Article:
One suggested change is to have the EB-1C requirements include the word “extraordinary” or “outstanding” and all that those words entail. This is to have the EB-1C be on par with its siblings the EB-1A and EB-1B. By making “extraordinary” a requirement, it eliminates the potential for abuse by underqualified foreign candidates. An example of this is making it so that only high-level executives can apply.
Another change that has been proposed is to change the preference level of the EB-1C managers to the second preference level. Executives can continue to apply for the EB-1C, but managers must apply for the EB-2. This prevents outsourcing firms from using the EB-1C to circumvent the long priority date waiting times for EB-2 green cards.
Additionally, a large part of the EB-1C abuse problem is the fact that it can be used to supply cheap labor to the U.S. This is only made possible because the Department of Labor does not require a PERM, which obligates employers to pay employees the prevailing wage for the area. By requiring a PERM for the EB-1C, the USCIS could eliminate the avenue for underpaid managers.
A salary minimum has also been proposed. By requiring a minimum compensation of $150,00 or $200,000 annually, the USCIS can put a stop to frivolous filing for underpaid managers. This has also been a solution suggested to prevent H-1B fraud.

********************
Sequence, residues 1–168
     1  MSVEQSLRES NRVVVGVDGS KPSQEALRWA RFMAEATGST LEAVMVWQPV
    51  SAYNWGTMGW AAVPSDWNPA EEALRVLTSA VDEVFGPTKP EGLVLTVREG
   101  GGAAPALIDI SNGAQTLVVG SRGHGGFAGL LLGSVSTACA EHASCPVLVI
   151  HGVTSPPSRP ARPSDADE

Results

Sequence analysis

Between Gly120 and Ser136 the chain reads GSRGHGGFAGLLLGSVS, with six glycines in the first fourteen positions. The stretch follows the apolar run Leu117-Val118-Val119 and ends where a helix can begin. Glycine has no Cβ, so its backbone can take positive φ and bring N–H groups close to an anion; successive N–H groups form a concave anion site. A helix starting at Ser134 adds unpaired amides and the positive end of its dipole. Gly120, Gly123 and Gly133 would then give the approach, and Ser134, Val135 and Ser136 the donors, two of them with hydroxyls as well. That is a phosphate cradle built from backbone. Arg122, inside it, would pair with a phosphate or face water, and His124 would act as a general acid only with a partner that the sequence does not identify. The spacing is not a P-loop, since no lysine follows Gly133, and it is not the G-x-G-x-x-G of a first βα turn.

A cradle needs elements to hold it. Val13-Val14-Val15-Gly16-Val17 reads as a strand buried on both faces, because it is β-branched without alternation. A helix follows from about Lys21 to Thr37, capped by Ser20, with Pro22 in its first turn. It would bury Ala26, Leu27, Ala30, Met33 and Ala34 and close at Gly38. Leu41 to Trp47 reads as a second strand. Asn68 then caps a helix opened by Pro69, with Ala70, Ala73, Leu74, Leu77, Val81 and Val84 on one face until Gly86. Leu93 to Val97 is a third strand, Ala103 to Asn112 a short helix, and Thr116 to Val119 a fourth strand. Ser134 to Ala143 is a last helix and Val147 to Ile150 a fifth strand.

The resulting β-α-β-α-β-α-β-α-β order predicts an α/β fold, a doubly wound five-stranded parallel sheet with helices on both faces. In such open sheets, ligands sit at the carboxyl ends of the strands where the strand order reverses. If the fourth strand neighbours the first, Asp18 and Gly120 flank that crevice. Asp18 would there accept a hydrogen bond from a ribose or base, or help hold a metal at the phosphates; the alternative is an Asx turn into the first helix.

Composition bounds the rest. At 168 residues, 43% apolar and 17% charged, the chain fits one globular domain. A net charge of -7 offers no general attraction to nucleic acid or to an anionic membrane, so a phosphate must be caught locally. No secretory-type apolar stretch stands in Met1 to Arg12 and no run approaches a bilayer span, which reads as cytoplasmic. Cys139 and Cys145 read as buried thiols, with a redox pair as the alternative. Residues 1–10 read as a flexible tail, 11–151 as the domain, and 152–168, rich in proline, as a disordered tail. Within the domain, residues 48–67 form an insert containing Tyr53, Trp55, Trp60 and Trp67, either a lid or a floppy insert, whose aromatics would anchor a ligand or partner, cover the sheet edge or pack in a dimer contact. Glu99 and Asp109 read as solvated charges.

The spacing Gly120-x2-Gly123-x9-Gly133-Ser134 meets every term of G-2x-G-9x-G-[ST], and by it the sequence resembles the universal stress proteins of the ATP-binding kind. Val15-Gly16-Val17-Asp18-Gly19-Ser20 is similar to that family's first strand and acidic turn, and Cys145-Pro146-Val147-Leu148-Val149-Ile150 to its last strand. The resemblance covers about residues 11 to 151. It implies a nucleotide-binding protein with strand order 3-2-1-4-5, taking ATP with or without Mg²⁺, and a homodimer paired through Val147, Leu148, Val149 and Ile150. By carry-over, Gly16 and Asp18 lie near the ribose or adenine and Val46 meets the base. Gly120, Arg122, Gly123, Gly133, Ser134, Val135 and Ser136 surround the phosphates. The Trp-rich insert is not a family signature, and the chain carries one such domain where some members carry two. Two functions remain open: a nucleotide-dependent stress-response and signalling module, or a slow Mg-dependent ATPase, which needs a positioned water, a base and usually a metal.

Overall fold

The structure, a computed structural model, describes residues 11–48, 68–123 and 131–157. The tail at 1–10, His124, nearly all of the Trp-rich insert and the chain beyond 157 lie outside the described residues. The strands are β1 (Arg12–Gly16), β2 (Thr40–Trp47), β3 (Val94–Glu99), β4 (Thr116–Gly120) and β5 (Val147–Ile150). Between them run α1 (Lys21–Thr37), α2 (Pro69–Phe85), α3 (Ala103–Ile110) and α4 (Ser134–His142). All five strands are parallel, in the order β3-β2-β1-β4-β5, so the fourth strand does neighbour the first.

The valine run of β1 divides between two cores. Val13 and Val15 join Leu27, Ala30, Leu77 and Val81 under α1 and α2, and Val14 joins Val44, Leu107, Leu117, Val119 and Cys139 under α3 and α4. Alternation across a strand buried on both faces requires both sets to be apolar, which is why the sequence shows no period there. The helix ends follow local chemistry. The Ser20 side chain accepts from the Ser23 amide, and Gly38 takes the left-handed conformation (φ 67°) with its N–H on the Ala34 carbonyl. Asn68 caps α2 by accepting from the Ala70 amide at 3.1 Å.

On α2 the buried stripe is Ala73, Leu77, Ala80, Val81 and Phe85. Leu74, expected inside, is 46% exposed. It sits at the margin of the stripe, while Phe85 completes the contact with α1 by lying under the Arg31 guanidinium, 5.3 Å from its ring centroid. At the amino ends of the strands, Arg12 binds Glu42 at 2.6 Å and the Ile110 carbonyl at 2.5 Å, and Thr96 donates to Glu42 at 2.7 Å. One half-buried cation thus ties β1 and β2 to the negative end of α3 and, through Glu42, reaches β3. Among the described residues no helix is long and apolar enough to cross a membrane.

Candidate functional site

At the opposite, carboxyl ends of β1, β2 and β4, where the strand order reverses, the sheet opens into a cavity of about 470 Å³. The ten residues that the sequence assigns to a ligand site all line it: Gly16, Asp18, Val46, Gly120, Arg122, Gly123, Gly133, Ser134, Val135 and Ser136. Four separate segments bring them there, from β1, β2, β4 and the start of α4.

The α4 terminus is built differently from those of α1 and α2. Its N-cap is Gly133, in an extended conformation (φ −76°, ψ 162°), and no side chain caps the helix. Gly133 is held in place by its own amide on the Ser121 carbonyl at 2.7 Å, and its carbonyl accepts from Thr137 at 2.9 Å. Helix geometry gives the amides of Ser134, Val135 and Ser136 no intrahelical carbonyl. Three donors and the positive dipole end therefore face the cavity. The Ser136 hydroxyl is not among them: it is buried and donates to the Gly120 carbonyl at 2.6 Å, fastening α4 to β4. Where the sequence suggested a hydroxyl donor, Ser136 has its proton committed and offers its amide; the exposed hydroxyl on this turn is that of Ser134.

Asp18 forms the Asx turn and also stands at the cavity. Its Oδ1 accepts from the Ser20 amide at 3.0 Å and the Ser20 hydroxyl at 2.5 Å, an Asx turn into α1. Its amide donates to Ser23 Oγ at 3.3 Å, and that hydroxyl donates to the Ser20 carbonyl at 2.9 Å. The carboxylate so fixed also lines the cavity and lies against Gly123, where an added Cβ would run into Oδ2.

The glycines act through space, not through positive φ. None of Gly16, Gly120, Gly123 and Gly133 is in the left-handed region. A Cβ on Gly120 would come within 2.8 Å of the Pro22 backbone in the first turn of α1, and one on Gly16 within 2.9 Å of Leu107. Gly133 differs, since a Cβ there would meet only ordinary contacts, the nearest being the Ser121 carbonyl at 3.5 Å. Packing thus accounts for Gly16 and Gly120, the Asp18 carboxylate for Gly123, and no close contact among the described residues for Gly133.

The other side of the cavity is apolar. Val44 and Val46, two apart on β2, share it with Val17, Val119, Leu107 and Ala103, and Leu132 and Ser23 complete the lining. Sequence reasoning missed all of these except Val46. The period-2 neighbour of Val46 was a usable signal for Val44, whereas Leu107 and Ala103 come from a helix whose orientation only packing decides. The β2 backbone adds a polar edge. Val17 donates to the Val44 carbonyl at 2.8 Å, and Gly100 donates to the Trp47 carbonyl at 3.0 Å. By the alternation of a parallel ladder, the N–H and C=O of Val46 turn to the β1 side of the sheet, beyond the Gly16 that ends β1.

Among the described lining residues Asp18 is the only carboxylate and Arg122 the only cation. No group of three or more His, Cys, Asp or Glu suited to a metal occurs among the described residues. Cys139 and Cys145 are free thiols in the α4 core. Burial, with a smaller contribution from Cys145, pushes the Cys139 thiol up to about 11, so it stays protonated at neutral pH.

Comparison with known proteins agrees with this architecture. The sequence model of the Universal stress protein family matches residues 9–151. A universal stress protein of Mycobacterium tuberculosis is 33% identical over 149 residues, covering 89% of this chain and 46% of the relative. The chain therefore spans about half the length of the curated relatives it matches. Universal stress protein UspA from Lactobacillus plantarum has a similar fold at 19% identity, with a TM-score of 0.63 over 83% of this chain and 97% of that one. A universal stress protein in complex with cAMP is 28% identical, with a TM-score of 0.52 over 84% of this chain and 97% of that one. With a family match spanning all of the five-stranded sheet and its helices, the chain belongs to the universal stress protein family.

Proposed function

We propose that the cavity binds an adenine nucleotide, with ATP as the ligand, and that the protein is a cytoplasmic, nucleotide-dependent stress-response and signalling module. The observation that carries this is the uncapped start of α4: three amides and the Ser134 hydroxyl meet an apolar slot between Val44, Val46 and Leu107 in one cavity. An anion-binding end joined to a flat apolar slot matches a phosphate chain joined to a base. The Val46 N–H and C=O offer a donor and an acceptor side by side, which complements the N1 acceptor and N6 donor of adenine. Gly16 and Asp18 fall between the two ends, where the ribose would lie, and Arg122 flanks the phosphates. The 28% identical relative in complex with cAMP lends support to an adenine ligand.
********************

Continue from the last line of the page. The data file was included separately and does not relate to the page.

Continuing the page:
Some even argue for a removal of the EB-1C designation altogether, stating that it is a high-level green card that is based on position rather than merit.
Lastly, petitions are calling for the requirement of 1 year of overseas work as a manager or executive to be removed. This is because it does not impact the outsourcing firms that hire overseas to begin with and instead it puts those that have been working in the U.S. at a disadvantage.
Keep in mind that these are mere suggestions and, as of this post, no motion has been made by any governmental department to act on any of these ideas. If you are unsure about your position or involvement with EB-1C abuse, your immigration attorney can help you better understand your case.
How Our Immigration Attorneys Can Help
If you read this post and realize that you have been a part of or a victim of EB-1C abuse, it’s time to start doing things the right way. Having an expert examine your case and advise you on the best course of action can help you avoid consequence and to legitimately acquire your green card.
Here at SGM Law Group, we specialize in employment-based immigration. Having filed countless EB-1C petitions, we understand exactly what goes into obtaining this green card in a legitimate way. From gathering evidence to filing the petition, our team of expert attorneys is at your disposal.
To get in touch with one of our attorneys, you can fill out our contact form and schedule your consultation today.